Whether Nick will see the light and fix himself is anyone’s guess. But Parker is taking care of Parker, and doing a damn fine job of it with or without him. Thanks in no small part to those “Baked Nanas”.
Escape Rating A-: I loved this one even more than I did Meet Me on Love Lane, and I liked that one quite a lot. But this one had a compulsion to it that the earlier book, sweet as it was, didn’t quite.
And even though this story directly follows from that earlier book, this one still feels like it stands alone. Because the story here is really about Parker losing herself and finding herself, and it all happens in this story. The characters from the previous books (I haven’t read the first one, On the Corner of Love and Hate) are in the background here, but getting involved in Parker’s story doesn’t depend on any in depth knowledge of the first two. This one is all her and it’s all here.
Howsomever, like the previous book in the series, The Ingredients of You and Me mixes the ingredients of contemporary romance with women’s fiction, and it feels like the women’s fiction is the stronger part of the story.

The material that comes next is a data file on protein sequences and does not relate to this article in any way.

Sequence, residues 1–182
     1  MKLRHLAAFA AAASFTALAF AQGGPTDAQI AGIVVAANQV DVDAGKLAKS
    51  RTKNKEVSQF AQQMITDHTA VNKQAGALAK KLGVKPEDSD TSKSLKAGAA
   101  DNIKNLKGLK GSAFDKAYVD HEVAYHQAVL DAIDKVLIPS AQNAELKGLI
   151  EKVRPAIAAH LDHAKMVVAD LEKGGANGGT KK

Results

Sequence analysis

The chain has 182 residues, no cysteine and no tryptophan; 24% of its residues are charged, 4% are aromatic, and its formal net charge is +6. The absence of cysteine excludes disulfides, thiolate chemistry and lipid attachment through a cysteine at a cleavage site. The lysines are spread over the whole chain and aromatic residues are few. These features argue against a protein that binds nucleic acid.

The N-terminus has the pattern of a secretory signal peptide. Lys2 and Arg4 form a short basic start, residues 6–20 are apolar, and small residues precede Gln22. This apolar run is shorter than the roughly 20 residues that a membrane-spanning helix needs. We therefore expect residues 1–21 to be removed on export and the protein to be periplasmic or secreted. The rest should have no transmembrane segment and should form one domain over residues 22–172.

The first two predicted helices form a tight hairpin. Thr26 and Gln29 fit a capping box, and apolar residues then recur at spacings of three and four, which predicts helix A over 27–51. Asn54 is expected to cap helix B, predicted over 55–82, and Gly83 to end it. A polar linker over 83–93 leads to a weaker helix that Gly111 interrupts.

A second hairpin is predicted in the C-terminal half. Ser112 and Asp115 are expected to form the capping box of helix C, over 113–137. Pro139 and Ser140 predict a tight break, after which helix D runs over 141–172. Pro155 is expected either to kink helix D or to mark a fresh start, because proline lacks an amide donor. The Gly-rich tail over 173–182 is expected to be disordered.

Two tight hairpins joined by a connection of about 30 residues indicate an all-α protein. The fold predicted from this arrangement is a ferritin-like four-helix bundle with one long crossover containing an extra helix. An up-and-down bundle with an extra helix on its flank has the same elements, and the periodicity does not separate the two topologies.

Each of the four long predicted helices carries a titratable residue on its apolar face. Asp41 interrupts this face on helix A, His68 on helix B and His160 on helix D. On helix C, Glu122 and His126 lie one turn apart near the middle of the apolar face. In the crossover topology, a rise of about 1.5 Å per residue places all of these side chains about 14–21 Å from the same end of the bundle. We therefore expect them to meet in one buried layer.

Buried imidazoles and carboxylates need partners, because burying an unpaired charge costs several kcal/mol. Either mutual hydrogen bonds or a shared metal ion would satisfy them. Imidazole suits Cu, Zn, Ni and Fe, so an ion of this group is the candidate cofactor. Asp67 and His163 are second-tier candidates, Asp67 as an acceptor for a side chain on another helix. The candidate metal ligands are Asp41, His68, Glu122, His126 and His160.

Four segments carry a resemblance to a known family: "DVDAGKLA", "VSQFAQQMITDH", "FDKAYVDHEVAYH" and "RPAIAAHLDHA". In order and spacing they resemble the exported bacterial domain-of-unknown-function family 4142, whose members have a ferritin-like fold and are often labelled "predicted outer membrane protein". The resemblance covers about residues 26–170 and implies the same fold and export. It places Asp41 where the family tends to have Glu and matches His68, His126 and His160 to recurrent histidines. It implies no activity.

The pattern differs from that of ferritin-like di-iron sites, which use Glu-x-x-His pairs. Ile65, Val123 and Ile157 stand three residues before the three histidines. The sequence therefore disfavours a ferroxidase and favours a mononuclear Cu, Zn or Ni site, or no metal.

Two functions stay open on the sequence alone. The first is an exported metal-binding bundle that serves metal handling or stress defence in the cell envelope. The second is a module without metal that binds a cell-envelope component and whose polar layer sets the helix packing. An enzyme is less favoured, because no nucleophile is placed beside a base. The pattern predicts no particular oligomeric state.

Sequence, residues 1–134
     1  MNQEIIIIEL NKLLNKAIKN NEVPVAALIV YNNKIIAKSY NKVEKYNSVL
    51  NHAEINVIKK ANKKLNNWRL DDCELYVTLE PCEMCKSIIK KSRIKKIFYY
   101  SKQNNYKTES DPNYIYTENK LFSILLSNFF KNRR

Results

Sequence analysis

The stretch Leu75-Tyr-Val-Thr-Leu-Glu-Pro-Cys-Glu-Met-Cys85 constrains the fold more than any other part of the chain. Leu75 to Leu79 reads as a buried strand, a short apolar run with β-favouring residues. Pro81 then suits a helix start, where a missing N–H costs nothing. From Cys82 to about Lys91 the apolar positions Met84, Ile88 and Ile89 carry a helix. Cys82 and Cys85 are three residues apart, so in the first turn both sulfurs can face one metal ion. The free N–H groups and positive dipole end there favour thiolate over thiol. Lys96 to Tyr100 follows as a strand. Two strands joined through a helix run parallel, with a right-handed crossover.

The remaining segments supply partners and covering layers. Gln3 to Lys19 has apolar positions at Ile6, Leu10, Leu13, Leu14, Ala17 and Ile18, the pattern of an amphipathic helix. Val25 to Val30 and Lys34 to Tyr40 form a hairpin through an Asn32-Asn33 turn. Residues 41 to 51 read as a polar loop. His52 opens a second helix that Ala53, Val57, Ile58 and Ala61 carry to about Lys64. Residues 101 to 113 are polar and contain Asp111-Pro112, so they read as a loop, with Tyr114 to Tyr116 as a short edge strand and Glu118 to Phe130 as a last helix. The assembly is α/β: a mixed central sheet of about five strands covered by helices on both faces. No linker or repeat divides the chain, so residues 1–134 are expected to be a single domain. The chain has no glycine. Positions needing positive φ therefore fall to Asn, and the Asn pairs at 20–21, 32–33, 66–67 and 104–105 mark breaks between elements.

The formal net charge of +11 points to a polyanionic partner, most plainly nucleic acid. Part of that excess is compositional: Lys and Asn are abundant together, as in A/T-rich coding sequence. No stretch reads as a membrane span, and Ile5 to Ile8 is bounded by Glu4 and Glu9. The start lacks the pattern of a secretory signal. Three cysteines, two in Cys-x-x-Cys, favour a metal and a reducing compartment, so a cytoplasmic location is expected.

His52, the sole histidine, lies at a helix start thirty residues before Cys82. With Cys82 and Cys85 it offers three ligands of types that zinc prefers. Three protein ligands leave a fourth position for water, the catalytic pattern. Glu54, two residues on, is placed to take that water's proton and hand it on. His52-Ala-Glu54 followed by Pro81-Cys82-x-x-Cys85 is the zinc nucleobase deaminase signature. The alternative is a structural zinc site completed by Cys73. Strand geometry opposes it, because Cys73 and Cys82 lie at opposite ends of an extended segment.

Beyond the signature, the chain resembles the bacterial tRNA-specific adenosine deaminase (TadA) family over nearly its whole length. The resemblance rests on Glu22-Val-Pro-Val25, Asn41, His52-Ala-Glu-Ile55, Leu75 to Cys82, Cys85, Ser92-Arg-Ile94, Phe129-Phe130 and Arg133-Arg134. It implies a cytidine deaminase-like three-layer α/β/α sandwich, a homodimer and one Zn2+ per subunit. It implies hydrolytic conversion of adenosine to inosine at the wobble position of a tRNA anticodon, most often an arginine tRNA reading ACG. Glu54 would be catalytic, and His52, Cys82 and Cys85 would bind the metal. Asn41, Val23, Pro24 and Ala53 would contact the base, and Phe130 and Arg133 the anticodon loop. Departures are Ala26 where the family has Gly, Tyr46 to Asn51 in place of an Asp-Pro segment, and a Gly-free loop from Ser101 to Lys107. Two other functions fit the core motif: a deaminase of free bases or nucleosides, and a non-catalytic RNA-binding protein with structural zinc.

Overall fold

Parker is at a crossroads. She’s sold the bakery that she put her heart and soul into in NYC, and it was the right choice for her. She was overtired, overstressed and burned out. She had no life, only work and sleep. Her fling with Nick did bring that home to her, that she wanted more time for a real life and couldn’t have it if she kept on the bakery treadmill.
She has time and enough money to let herself be, to figure out who she wants to be and where and how to do it. She just doesn’t have a plan – and Parker is usually all about plans. Staying in Hope Lake lets her reconnect with friends, make new ones, take a breath, look around, and let inspiration come to her.